God isn’t your boss that you have to schedule a meeting with and He isn’t a college lecturer that you have to wait for office hours to see.

He is an ever-present friend and a loving Father who wants to talk to us all the time!

God’s office hours are from 12 am to 11:59 pm, 24/7, 365.

We can reach Him ANYTIME!

Key point: God is always with you, so you can talk to Him anytime and anywhere.

FALSE BELIEF #4: You must close your eyes or kneel to pray

The truth: A reverent prayer posture is important, but not mandatory

So no, you don’t have to close your eyes and clasp your hands and kneel every time you want to pray.

These things should be done when possible — they help us to avoid distractions and to show reverence to God — but of course, there will be times when you can’t adopt a posture of prayer.

What do you do then?

Think about these scenarios, for example you’re:

  • walking or driving through a lonely place
  • at a job interview and the interviewer asks a tough question
  • on a stage and about to give the most important presentation of your life

These are all examples of moments where we would call on God for protection, guidance or wisdom, but not ideal moments for closing your eyes or kneeling.

So while it’s important to have a reverent prayer posture whenever possible, remember you can also pray with our eyes wide open, standing up or seated or lying on our beds in the dark.

Key point: You don’t have to close your eyes, clasp your hands, or kneel every time you need to talk to God.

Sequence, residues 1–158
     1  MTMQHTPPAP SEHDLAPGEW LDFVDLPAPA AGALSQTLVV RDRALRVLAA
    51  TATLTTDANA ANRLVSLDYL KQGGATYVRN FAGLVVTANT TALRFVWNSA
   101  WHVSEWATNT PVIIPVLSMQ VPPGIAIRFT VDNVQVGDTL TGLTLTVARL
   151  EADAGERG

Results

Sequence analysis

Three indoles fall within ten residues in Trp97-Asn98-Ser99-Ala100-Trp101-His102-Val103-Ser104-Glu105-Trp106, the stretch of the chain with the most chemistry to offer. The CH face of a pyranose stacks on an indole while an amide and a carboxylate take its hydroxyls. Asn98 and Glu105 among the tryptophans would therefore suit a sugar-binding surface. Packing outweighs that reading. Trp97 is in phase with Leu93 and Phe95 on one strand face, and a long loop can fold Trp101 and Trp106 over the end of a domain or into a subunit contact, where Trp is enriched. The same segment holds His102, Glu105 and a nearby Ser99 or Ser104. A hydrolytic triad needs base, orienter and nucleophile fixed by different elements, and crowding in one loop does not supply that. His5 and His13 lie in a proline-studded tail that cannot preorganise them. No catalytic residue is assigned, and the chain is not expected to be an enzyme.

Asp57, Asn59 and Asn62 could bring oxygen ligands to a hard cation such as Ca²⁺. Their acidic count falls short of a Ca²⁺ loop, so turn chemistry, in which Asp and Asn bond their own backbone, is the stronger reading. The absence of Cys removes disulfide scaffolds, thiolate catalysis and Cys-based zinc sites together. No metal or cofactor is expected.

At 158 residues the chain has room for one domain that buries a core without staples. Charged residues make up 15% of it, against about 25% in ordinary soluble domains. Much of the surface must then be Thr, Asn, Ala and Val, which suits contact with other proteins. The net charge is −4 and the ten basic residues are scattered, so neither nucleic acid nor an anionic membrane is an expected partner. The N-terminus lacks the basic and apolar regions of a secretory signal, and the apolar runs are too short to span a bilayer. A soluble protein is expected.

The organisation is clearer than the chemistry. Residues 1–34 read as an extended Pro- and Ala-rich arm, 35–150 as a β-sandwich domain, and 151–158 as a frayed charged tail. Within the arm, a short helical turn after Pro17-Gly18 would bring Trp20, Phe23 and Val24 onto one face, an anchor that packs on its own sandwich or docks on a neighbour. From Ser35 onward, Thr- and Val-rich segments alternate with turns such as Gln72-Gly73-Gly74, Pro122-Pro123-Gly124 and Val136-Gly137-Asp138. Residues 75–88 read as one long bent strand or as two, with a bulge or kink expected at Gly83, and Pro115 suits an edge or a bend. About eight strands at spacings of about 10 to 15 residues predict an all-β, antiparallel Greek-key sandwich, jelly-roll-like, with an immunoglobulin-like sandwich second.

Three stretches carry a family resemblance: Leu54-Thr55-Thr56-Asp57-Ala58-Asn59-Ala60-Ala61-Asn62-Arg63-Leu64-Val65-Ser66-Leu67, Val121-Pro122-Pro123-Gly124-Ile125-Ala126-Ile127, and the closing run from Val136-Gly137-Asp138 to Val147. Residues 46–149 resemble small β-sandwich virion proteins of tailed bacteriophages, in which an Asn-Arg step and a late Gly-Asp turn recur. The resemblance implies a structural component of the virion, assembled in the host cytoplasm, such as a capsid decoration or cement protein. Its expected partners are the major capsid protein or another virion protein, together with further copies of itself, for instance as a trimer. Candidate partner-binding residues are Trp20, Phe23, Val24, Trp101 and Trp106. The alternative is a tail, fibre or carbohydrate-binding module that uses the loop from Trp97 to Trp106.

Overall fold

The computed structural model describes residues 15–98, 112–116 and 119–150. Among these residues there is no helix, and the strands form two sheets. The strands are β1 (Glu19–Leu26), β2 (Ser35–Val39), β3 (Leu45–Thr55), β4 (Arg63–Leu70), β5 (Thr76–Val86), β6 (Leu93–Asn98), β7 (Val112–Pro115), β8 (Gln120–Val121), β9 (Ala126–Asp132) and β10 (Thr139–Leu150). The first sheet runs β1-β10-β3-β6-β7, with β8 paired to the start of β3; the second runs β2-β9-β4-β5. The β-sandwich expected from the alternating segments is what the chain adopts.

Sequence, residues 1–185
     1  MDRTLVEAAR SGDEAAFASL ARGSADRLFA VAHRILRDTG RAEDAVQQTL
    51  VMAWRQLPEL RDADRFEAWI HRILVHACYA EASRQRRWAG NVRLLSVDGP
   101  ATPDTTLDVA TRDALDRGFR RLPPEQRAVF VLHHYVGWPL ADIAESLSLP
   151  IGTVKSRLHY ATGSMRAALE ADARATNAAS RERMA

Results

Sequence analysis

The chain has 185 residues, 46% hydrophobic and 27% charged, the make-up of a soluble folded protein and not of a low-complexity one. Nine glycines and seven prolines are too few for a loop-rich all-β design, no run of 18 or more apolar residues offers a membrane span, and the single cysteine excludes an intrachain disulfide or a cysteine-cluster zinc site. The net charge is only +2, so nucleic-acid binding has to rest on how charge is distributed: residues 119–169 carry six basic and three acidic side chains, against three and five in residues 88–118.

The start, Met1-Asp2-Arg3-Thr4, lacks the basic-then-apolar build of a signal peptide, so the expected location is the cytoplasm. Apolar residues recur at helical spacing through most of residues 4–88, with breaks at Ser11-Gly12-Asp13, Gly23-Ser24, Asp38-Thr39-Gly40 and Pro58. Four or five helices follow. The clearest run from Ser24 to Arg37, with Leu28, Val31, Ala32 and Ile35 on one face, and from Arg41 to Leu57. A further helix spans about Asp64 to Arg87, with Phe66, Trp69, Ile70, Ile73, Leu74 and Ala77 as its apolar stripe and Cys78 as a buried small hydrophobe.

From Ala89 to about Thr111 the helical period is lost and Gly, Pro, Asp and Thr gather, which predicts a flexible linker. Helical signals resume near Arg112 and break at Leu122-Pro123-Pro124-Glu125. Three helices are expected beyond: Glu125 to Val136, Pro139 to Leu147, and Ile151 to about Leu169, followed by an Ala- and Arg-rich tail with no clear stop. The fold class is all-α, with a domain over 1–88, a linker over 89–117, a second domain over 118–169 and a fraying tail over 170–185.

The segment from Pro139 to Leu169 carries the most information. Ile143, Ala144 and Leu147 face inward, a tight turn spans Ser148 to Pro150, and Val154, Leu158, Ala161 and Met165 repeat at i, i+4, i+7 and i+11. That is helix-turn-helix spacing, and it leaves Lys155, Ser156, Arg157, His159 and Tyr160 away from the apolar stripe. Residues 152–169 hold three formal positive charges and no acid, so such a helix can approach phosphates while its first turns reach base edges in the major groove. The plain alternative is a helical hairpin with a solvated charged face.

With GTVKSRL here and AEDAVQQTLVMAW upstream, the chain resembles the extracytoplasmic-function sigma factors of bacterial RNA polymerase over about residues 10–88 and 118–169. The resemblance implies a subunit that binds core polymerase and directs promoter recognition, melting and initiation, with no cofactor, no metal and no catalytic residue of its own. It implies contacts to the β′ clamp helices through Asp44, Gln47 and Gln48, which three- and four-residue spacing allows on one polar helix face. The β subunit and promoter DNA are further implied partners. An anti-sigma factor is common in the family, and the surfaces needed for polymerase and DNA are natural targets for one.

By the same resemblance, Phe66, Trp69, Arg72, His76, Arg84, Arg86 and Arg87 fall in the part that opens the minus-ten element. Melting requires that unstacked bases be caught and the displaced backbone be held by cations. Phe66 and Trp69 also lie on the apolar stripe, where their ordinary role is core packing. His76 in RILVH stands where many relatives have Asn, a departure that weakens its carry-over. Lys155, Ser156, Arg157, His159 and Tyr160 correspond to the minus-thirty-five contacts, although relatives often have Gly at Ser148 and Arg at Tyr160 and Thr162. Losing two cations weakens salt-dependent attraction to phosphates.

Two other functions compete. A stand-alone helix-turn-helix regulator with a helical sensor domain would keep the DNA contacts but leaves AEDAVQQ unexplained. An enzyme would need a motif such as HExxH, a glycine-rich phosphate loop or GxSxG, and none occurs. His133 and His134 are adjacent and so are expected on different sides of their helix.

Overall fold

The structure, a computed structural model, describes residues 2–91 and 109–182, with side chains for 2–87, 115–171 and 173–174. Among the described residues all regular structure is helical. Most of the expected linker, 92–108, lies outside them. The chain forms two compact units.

FALSE BELIEF #5: You can only talk to God about certain things

The truth: You can talk to God about everything

I am always thankful for the fact that I can talk to God about anything and everything.

Those secret things (fears, confessions, plans, insecurities, joys, struggles, accomplishments, failures) that I can’t talk to family or friends about… I can always tell God.

So it saddens me to think that some people believe otherwise.

They wonder: Can I really talk to God about anything?


Here’s why:

Reasons you can talk to God about anything

1. The Bible says so

In 1 Peter 5:7, it says:

Cast all your anxiety on Him because He cares for you.

Not some of your anxiety, but all. Tell Him everything.

Even David did that. In Psalms 6:6, he talks about how he spent the whole night crying to God:

Lord, I am so weak. I cried to you all night. My pillow is soaked; my bed is dripping wet from my tears.

And it’s not just the bad stuff we can tell God. In Philippians 4:6 it says:

Don’t worry about anything, but pray and ask God for everything you need, always giving thanks for what you have.

This means we can also talk to God about everything we need and we can tell Him how thankful we are for all the good stuff.

So, we can tell God all our worries AND all our joys.

2. God knows everything